type Currency = Balances;
            type BlogPostMinBytes = BlogPostMinBytes; // <-- new
            type BlogPostMaxBytes = BlogPostMaxBytes; // <-- new
            type BlogPostCommentMinBytes = BlogPostCommentMinBytes; // <-- new
            type BlogPostCommentMaxBytes = BlogPostCommentMaxBytes; // <-- new

That’s it for types and storage. Next, we’ll implement our functionality.

Functions and extrinsics

Let’s start with an extrinsic function for creating a blog post.

    pub fn create_blog_post(origin: OriginFor<T>, content: Vec<u8>) -> DispatchResult {
            let author = ensure_signed(origin)?;
                    (content.len() as u32) > T::BlogPostMinBytes::get(),
                    (content.len() as u32) < T::BlogPostMaxBytes::get(),
            let blog_post = BlogPost { content: content.clone(), author: author.clone() };
            let blog_post_id = T::Hashing::hash_of(&blog_post);
            <BlogPosts<T>>::insert(blog_post_id, blog_post);
            let comments_vec: Vec<BlogPostComment<T>> = Vec::new();
            <BlogPostComments<T>>::insert(blog_post_id, comments_vec);
            Self::deposit_event(Event::BlogPostCreated(content, author, blog_post_id));

Let’s start from the top. With pallet::weight, we define the computational weight of this extrinsic. In this case, we hardcode it because this is just a simple example. This value should have a relation to the amount of processing resources that are needed for this operation to happen and the fee for executing this operation will include this weight, so the higher the weight, the higher the transaction fees for executing an extrinsic.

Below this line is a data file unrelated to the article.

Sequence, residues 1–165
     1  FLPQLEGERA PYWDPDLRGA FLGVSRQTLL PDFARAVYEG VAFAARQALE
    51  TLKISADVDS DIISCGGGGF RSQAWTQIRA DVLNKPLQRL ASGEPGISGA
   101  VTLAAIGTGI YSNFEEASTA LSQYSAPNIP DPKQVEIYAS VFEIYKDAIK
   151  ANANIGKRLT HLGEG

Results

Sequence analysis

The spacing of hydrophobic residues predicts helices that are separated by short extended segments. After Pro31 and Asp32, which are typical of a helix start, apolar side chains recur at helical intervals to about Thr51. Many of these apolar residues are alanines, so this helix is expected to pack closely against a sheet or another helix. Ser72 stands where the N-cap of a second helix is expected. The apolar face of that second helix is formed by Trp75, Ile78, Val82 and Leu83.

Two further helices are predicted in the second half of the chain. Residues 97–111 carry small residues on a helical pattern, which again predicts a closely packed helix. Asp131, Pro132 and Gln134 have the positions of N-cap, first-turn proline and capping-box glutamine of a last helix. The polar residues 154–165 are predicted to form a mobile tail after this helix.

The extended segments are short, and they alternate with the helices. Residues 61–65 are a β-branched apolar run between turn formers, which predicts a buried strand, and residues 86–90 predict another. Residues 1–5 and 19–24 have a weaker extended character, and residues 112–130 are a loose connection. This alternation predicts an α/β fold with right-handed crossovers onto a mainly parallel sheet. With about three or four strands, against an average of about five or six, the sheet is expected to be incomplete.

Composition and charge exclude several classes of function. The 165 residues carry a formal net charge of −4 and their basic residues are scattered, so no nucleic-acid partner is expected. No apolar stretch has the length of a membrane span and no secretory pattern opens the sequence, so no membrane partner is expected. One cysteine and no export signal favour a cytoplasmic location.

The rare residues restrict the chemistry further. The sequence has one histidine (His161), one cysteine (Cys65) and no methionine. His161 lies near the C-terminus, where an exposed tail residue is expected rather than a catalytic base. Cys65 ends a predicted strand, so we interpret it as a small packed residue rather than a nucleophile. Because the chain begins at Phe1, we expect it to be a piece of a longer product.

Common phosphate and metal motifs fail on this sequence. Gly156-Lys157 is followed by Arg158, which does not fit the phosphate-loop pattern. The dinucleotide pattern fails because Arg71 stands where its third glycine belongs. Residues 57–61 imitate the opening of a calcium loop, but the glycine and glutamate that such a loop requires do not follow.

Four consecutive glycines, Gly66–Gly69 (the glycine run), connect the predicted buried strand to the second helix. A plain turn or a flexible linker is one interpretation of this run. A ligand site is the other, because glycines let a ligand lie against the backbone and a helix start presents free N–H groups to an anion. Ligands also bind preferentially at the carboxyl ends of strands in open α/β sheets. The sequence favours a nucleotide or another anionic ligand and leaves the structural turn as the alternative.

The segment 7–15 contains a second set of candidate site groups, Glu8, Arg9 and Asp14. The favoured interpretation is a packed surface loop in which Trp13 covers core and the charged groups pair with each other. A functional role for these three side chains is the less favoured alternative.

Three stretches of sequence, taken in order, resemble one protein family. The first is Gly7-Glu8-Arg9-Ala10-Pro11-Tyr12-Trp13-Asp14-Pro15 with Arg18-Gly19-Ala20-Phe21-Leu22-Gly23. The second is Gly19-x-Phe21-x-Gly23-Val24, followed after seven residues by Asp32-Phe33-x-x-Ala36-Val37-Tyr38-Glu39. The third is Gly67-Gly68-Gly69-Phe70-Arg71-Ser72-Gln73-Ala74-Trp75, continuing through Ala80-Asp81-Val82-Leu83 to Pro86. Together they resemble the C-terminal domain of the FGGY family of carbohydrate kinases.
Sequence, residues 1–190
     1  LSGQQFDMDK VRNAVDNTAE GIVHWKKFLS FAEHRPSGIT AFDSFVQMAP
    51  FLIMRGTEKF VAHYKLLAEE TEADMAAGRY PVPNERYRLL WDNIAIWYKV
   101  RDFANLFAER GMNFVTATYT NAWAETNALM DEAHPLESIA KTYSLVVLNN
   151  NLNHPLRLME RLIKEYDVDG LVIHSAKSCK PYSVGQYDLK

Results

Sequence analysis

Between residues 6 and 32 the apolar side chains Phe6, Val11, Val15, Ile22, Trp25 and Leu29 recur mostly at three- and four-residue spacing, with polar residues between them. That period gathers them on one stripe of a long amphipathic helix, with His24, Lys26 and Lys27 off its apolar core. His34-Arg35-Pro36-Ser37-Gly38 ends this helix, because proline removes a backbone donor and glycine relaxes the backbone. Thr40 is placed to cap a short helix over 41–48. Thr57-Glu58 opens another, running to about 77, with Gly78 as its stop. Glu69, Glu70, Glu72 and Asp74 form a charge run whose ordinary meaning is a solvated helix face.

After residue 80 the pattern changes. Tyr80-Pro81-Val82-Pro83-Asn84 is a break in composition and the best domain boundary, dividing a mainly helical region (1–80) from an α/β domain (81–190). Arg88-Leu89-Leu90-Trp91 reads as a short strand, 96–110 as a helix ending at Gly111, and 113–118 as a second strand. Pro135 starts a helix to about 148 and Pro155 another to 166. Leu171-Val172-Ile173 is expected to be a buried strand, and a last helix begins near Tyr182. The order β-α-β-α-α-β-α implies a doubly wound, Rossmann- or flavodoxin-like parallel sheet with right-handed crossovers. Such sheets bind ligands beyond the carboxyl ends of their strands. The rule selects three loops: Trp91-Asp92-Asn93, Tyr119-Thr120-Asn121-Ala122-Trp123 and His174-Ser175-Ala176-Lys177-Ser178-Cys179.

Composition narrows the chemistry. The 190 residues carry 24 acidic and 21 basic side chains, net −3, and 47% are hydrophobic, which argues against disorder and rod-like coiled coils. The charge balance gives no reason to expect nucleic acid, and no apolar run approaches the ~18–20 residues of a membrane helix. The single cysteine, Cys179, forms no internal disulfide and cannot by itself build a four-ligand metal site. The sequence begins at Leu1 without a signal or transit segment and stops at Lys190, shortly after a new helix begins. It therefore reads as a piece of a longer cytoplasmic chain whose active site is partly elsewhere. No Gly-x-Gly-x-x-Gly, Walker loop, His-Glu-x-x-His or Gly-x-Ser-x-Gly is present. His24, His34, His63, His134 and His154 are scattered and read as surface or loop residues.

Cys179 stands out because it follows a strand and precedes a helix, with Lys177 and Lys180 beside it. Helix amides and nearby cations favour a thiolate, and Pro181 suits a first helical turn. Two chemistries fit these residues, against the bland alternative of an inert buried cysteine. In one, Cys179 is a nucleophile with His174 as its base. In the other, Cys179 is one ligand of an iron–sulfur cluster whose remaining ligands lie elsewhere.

The transactional macro makes it so that any state changes within this extrinsic are only made if it returns no error. This is similar to transactional behavior with relational databases, where you only want to persist a change if all changes go through. We need this here because we add both a new blog post and an empty list of comments.

The first thing we do is validate the transaction and the author of the transaction. This gives us the account ID of the user who triggered the extrinsic. We also define an incoming content vector, which we also expect to be given by the caller here.

Then, we use the ensure! macro, which is similar to an assertion, to validate that the blog post is inside of our length barriers, triggering an error if it isn’t.

Once validation has passed, we create a blog post struct with our content and author and the blog_post_id, which is hash over this struct.

This struct is then added to the BlogPosts StorageMap and we initialize an empty list of comments and persist it in the BlogPostComments StorageMap. This means that this function actually changes the state on the blockchain.

Once everything is done, we trigger the BlogPostCreated event, which clients can listen to to see if anything has changed.

It’s actually pretty simple, right? This is similar to how you’d implement a handler in a web application. That’s all there is to adding a simple extrinsic that enables users to interact and manipulate the shared state of our application. No magic required.

The implementation of adding comments and tipping are equally straightforward. Let’s look at those next.

    pub fn create_blog_post_comment(
            origin: OriginFor<T>,
            content: Vec<u8>,
            blog_post_id: T::Hash,
    ) -> DispatchResult {
            let comment_author = ensure_signed(origin)?;